When Larry Kestenbaum, clerk of Washtenaw County, Michigan, was in Lansing for a meeting recently, he saw something unfamiliar on the faces of the other clerks: pity. Colleagues from hard-pressed towns like Flint, Jackson and Kalamazoo were offering sympathy because, despite everything, they still had a local newspaper, while Ann Arbor, his county seat, did not.
At first blush, Ann Arbor is an unlikely place to earn the dubious distinction of being the first good-size municipality in the U.S. to give up on its only daily newspaper. A2, as the town is known, is more or less the beauty queen of Michigan: pretty, confident and seemingly immune to the problems of her peers. It still has a downtown with sidewalk cafés and quirky local stores. Its biggest employers are two universities and two hospitals, and it has weathered the recession better than most of the rest of the state. Nearly half its residents have graduate degrees. How could the paper die in a place like this?
The answer is that it didn't die. It was killed by its owners in a high-stakes gamble to try to create a new and more profitable enterprise. (In the past nine years, the paper lost more than half its classified-ad pages.) The Ann Arbor News ceased to exist on July 23. On July 24, AnnArbor.com was launched. The new website has a paper version also called, oddly, AnnArbor.com that comes out on Thursdays and Sundays. The News's owner, Advance Publications, is betting it can rebrand the 175-year-old News as a Web publication, turn a profit and still satisfy its readers' craving for local news. A lot of U.S. newspapers, and their readers, have a stake in whether the experiment in Ann Arbor succeeds.
A local newspaper is more than an organ for delivering news and information. It's a habit, a watering hole, a local landmark. It's a unifying force, even if that's just because, like a loud uncle, it gives everyone something to complain about. It's the hub that connects many people to their community. "The News was like an old friend. You weren't sure why you spent time with it, but you did, because it was such an old friend," says Charles Eisendrath, who runs the Knight-Wallace Foundation at the University of Michigan. How does a city deal with that loss? What, if anything, is irreplaceable in the transition from print to Web?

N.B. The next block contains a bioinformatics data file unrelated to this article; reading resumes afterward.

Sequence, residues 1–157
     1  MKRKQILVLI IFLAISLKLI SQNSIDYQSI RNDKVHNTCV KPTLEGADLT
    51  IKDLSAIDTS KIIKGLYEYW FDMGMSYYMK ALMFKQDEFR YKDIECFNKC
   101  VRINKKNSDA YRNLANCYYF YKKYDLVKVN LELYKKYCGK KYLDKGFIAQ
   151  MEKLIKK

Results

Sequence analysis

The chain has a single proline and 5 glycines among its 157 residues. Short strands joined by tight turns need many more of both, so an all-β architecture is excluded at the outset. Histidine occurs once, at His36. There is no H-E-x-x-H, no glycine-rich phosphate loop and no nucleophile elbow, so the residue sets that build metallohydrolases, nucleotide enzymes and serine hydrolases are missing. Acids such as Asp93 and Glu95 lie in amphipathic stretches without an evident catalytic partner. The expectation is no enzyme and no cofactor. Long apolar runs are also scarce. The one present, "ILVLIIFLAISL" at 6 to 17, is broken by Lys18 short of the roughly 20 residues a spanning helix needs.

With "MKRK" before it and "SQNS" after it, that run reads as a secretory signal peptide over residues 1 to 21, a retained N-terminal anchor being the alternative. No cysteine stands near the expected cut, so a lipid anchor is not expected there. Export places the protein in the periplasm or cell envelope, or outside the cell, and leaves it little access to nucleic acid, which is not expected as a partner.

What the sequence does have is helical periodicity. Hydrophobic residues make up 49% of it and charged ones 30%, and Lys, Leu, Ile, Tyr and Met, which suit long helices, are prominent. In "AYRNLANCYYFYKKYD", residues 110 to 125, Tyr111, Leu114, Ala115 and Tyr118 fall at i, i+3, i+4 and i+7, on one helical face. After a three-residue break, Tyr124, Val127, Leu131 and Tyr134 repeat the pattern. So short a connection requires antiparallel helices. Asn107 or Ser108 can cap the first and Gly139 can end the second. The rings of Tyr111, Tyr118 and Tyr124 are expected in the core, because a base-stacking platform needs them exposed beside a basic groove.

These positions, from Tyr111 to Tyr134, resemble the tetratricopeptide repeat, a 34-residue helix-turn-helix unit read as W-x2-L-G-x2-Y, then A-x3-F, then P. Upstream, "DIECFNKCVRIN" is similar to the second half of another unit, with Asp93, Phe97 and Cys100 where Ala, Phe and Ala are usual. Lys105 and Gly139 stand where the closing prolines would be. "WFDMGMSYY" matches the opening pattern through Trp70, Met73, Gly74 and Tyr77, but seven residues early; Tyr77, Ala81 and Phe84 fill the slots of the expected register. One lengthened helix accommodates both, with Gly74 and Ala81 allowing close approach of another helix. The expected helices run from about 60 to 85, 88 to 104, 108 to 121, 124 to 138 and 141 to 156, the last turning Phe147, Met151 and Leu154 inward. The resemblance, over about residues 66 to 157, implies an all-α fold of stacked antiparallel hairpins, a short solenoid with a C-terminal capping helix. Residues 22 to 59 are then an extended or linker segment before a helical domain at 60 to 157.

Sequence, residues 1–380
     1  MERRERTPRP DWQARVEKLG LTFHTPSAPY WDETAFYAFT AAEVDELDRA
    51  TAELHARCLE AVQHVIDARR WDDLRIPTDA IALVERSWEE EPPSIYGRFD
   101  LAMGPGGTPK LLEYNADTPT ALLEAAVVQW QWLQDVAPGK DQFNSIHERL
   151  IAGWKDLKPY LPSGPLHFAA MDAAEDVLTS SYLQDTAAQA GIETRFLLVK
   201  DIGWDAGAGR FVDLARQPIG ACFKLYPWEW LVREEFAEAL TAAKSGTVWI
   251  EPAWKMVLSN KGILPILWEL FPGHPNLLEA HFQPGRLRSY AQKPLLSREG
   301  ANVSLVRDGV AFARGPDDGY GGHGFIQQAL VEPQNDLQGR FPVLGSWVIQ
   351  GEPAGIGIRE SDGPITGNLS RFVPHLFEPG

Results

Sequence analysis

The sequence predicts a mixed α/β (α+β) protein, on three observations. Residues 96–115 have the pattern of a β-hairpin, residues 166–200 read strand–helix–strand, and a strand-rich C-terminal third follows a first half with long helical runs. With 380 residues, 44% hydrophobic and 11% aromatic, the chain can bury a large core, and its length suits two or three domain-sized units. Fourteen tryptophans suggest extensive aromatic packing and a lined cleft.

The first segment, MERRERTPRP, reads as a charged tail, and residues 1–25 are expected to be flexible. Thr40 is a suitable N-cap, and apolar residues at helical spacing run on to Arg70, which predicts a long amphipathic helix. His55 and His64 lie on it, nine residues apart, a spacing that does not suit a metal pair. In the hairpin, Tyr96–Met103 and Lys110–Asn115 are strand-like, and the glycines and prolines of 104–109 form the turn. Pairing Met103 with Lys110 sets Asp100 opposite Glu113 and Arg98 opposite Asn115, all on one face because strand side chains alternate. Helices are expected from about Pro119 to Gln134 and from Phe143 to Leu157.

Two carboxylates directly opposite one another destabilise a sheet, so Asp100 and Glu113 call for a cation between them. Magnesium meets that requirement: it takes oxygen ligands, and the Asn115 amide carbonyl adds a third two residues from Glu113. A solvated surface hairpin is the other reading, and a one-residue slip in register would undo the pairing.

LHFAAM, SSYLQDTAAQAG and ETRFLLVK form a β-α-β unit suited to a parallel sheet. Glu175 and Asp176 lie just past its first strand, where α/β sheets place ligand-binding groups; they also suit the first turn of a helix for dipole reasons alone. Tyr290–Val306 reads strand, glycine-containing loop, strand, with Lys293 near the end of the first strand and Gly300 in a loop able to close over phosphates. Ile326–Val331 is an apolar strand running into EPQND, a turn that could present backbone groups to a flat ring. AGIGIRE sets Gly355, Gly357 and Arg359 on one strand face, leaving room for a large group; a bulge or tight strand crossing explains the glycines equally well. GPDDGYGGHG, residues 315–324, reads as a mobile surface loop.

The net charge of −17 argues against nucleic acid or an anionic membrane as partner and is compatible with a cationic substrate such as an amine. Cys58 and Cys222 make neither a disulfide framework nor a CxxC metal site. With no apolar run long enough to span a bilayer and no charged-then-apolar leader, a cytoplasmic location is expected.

Death's paperboy has been tossing a lot of venerable titles onto the porch of history recently. The 146-year-old Seattle Post-Intelligencer and the 149-year-old Rocky Mountain News are gone. Dozens more are shadows of their former selves, their revenues and resources gutted by the flight of classifieds, the gasping economy and the hordes of websites competing for readers' attention. The best that most print publishers can do is try to slow the drain-circling while frantically figuring out how to make money on the Web. This means cutbacks, layoffs, misery.
Instead of stanching the blood, the Newhouse family, which owns Advance a group that includes more than 20 daily newspapers across the country is using Ann Arbor as a lab subject to see if it might hurt less to tear the Band-Aid off quickly. Fixed costs such as paper, printing and delivery have been drastically reduced. From a staff of 316 at the News in May 2008, AnnArbor.com has a full-time staff of approximately 60, about 35 of them "content creators" (reporters) plus some 80 from the "preferred blogging community," the majority unpaid according to AnnArbor.com president and CEO Matt Kraner. Rather than looking like a news-media website, AnnArbor.com deliberately reads more like a social-media site, with equal weight given to reports on a new diner and the proposed city income tax. Ads known as "deals" are incorporated into the feed, and users can vote for their favorite, with the highest vote getter scoring a place on the cover of the Sunday hard-copy edition. Not exactly Pulitzer material yet.